Page D1.1 . 12 July 2000                     
ArchitectureWeek - Design Department



Frank Gehry Rock Temple

by Clair Enlow

In 1969 a screaming, reverberating rendition of the Star Spangled Banner by Jimi Hendrix seemed to herald an end to innocence. His resonant lyric "Are you experienced?" is now recalled in the name of software billionaire Paul G. Allen's Experience Music Project. Hendrix would have appreciated the design approach to Seattle's new museum of pop music.

Architect Frank O. Gehry has made a career out of bending vertical and horizontal lines of building construction into something defiant and sometimes poetic. With Seattle's EMP, opened just over a week before the Fourth of July, he has met his perfect client in Allen and his metaphorical match in rock-'n'-roll. The resulting architecture is a unique performance and a new landmark on the edge of the Seattle Center.

The new building's metal skin looks like the shining surface of a jet. Yet it ripples and floats freely, inviting historic references to sculptural drapery from Nike of Samothrace to Claus Sluter's Fourteenth Century carvings (Gehry's favorite). Ribbons of translucent "roof sculpture" add another undulating layer.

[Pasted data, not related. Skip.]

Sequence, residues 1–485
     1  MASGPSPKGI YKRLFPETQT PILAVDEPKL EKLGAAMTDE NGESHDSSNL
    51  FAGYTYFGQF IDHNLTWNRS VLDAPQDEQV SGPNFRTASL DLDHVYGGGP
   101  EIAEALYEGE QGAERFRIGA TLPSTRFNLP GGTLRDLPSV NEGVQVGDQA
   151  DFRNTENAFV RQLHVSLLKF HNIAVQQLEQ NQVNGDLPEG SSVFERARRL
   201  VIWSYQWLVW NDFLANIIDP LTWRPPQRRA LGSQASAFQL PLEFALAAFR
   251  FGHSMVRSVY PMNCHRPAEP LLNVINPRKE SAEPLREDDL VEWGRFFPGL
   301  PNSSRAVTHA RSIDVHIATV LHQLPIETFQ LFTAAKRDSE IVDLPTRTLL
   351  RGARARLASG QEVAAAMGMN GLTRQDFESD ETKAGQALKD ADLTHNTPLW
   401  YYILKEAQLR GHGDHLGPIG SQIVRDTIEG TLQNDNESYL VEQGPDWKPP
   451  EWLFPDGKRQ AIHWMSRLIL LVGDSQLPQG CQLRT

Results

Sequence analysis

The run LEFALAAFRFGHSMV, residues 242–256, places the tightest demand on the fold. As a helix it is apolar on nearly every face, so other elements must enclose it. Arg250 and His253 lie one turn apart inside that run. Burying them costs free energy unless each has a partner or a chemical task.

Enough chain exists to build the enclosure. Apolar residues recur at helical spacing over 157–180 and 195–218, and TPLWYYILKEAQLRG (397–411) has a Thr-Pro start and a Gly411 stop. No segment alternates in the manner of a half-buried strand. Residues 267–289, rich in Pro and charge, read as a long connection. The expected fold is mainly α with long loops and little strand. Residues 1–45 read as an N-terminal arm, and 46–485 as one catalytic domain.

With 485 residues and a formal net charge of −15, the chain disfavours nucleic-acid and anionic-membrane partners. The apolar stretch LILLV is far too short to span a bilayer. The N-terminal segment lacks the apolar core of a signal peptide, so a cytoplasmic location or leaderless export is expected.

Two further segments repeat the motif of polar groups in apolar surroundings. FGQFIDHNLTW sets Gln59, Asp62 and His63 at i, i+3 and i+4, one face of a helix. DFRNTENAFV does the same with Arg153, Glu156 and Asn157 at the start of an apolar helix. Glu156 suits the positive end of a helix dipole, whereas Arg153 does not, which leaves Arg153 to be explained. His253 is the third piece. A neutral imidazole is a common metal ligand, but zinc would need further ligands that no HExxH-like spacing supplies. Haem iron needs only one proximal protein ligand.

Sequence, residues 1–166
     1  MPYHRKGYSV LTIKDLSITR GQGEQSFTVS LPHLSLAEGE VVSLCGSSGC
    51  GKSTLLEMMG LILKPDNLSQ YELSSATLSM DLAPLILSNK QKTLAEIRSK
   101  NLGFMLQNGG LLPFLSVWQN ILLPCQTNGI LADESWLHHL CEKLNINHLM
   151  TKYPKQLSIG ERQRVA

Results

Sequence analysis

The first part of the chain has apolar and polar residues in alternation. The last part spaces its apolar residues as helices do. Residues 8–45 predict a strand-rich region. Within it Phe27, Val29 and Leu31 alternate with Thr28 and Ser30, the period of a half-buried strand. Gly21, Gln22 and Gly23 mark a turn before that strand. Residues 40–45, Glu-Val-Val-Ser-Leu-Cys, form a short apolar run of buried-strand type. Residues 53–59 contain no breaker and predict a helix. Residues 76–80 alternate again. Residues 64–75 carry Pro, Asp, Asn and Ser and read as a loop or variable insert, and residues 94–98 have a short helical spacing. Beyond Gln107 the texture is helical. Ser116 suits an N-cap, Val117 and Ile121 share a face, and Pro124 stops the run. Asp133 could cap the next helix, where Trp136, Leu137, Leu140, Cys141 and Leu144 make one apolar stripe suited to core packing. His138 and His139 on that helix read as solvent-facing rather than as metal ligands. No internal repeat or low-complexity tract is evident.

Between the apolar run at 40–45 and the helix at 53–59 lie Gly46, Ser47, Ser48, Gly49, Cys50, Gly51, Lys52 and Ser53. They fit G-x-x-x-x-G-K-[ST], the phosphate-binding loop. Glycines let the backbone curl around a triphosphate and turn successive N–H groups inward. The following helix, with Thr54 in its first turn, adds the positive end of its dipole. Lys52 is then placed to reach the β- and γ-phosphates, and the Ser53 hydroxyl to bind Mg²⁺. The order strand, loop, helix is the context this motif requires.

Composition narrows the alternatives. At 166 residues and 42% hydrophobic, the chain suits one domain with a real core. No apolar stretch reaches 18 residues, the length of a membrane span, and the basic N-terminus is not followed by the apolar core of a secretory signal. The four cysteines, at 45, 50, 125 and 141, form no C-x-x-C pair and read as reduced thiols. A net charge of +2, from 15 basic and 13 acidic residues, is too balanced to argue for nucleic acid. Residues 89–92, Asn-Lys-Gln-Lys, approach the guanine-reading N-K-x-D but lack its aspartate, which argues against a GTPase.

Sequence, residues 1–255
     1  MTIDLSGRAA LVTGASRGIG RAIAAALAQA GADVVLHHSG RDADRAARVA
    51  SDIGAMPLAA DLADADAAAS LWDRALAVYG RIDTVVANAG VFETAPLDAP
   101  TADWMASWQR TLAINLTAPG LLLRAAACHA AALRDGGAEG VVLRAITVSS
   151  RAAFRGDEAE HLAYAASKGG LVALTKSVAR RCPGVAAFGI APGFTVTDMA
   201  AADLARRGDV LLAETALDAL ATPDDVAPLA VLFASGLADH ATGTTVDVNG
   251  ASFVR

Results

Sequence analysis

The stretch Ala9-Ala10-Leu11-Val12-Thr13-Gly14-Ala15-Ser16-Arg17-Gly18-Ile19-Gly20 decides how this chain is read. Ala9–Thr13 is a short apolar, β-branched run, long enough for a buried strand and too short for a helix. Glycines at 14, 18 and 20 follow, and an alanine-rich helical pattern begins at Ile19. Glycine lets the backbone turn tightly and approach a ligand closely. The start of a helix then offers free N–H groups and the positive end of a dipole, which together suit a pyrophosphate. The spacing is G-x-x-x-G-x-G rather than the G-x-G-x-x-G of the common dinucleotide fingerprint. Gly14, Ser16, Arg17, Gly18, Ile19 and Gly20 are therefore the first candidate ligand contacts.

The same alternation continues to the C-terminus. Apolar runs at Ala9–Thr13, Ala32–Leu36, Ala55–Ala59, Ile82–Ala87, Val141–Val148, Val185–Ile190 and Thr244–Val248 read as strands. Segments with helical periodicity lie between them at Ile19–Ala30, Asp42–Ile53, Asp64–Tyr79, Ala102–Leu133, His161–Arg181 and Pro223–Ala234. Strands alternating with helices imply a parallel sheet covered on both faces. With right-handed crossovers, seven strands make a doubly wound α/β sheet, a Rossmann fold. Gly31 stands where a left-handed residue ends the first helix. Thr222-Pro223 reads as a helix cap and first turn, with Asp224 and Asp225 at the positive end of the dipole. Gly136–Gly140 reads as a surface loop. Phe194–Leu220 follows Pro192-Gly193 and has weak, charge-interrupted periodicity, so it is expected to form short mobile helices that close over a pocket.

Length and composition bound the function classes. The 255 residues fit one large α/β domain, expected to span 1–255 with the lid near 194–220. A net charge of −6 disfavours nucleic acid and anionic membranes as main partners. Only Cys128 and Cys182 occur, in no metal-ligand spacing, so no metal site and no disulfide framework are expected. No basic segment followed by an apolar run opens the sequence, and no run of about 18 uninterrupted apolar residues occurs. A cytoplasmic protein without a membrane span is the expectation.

According to the underspoken Gehry, the real inspiration for the project is a pile of trash he gleaned from an electric guitar shop near his office in Santa Monica. Indeed, the forms and finishes of EMP touch on some potent layers of American subconscious: Fender guitars, auto bodies, and a touch of rental tux.

Defying the traditions of architecture and sculpture, EMP is very much about color tuned to evoke visceral responses. The most striking of the five tones that mark different sections of the building is a deep pastel blue rendered in non-fading auto body paint. That is rivaled by the pulsing red of another section. Three more tones are achieved by specially treating the finish of the metal. They are gold, silver, and a shimmering Purple Haze.



ArchWeek Photo

The building's metal skin looks like the shining surface of a jet, yet it ripples and floats in sculptural freedom.
Photo: Stan Smith

ArchWeek Photo

An aerial view of Frank Gehry's Experience Music Project during construction in the Seattle Center, site of the 1962 Worlds Fair.
Photo: Stan Smith


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